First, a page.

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Polar Vortex Freezes Midwest

CHICAGO — A weather pattern known as a polar vortex has touched down in the Midwestern United States, bringing with it record cold and snow. Temperatures have plummeted to as low as negative fifty degrees. It has been so frigid in Chicago that the Chicago River turned to ice. So far, twenty-two people have died from this period of severe weather.

A Wind From The North

The polar vortex is a result of swirling cold air in the Arctic region. Around this time of year, the swirling expanse of frigid air blows south towards the northern part of the United States. This year, the vortex split into two blobs of cold air. This split was a result of warmth in the stratosphere which plunges the vortex farther south than usual. This resulted in Chicago briefly being ten degrees colder than the Arctic.

The cold air moved into the Ohio Valley Region, the Midwest and brought heavy snows to the Great Lakes Region. Even the normally warm Southern states of Alabama and Mississippi experienced the effects. Schools and businesses were closed and flights were canceled. More seriously, this period of cold has proved dangerous to human life. Fatalities have included homeless individuals, a Michigan man “inadequately dressed for the weather,” an eighteen-year-old student found near his dorm and a Milwaukee man who’d been shoveling snow. Most recently the death toll includes a FedEx worker whose body was found outside of a delivery hub in East Moline, Illinois.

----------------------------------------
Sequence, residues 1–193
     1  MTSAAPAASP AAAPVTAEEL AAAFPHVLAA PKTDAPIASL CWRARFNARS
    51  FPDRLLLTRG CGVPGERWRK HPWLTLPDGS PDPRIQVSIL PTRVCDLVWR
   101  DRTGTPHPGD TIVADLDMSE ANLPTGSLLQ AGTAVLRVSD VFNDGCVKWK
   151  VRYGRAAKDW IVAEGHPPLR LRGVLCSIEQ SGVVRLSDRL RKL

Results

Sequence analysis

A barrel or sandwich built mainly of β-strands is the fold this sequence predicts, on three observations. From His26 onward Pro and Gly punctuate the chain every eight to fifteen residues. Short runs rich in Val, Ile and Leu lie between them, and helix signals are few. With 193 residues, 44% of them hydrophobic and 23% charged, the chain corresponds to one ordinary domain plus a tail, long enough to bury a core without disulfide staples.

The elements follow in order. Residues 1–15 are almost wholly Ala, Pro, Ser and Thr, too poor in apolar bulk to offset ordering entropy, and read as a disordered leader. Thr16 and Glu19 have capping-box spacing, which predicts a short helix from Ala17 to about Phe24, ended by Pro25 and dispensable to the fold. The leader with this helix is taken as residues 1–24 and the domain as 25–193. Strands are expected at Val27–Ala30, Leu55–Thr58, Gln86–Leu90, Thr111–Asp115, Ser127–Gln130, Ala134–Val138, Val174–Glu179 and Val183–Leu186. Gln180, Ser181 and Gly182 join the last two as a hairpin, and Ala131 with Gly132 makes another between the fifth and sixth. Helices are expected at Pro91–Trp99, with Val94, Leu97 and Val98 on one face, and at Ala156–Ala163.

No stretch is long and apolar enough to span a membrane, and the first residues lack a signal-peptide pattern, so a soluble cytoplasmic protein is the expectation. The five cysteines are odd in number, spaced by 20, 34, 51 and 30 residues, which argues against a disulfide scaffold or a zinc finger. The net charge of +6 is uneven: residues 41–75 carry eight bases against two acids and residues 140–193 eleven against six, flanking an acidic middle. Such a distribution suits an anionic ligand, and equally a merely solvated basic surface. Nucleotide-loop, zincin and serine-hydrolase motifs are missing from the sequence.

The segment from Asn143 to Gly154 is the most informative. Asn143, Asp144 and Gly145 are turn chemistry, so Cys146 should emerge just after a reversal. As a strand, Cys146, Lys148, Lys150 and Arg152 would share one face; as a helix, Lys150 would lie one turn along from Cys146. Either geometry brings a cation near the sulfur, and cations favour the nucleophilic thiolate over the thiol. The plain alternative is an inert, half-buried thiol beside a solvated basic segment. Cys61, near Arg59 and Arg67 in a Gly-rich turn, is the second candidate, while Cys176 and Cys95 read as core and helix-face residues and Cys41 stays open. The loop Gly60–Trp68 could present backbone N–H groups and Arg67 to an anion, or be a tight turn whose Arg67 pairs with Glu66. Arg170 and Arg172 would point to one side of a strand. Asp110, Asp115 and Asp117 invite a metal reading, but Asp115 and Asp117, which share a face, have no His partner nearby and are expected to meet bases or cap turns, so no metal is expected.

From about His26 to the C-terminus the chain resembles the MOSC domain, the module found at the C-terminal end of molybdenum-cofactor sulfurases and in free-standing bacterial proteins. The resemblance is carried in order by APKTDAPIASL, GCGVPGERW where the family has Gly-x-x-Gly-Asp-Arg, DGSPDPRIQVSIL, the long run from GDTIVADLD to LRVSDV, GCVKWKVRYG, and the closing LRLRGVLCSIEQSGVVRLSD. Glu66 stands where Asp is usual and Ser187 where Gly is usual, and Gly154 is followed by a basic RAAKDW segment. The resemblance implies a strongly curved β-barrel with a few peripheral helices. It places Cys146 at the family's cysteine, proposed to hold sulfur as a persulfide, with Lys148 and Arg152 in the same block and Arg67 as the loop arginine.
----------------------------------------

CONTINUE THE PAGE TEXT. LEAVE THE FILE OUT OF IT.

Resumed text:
Coming In From the Cold

For those without homes, this weather has been particularly trying. Cities and shelters have risen to the challenge of helping these individuals. One anonymous donor in Chicago arranged to have seventy homeless individuals put in hotels. These individuals had been in a shelter, but one of the donated propane tanks exploded. City officials were going to take them to a different shelter when the anonymous individual stepped in to pay for their stay in a hotel.

Cities across the affected area have scrambled to get the homeless off the streets. Warming centers have been set up and volunteers have combed the streets, parks and other areas looking for anyone that might be stuck outside in the cold and bringing them to safety in warming centers.


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